This oil painting of the Rocky Mountains was done by Albert Bierstadt. Bierstadt painted this scene soon after returning from a two year tour of Europe and seven years after traveling west to the Rockies. This painting took elements from various sketches of different landscapes; some of the mountains resemble Alpine peaks more than they do the Rocky Mountains. Bierstadt was among the Hudson River School artists of the 19th century. Bierstadt was renowned for his depictions of the American West and documenting Westward Expansion in the late 19th century. There are six pieces by Bierstadt in the White House Collection.
"This Art is Your Art" Competition: The White House Historical Association, Artsy, and the Robert Rauschenberg Foundation
Gift of The Barra Foundation, Inc.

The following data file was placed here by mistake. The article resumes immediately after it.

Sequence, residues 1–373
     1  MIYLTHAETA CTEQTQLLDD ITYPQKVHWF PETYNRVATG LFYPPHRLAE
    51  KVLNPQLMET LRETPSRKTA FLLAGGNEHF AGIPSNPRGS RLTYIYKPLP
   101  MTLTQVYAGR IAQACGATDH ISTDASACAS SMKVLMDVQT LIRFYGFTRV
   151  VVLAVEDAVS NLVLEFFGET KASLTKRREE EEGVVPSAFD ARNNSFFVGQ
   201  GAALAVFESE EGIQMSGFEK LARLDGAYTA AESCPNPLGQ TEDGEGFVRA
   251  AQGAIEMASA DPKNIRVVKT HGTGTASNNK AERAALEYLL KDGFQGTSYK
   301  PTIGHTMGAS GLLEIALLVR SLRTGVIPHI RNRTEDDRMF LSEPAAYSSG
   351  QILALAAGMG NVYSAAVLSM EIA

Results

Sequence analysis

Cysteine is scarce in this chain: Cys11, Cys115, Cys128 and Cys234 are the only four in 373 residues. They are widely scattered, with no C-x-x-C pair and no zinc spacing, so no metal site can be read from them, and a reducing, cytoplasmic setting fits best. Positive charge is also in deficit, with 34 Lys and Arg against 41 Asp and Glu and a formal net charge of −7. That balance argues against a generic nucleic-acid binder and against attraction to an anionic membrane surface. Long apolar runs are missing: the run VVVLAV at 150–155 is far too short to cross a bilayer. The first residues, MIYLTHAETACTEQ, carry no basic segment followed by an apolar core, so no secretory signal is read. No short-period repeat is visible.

About Albert Bierstadt
A member of the Hudson River School of painting—a loosely associated group of romantic American landscape artists, whose sublime luminosity later prompted the term Luminism—German-born Albert Bierstadt produced hundreds of large-scale sweeping oil paintings of the American West over the course of his prolific career. Joining land surveyors and parties on journeys of Westward expansion, Bierstadt depicted numerous classic vistas, such as the Rocky Mountains, the Oregon Trail, Yosemite, and other virgin landscapes, as well as scenes of Native Americans and wild animals. Though his work was acclaimed and fetched considerable sums during his lifetime, Bierstadt also drew criticism from some contemporary reviewers for his excessive effects, including dramatic weather systems, saturated light, overbearing scale, and color that could verge on expressionistic. Bierstadt studied under the German romantic painter Karl Friedrich Lessing.
German-American, 1830-1902, Solingen, Germany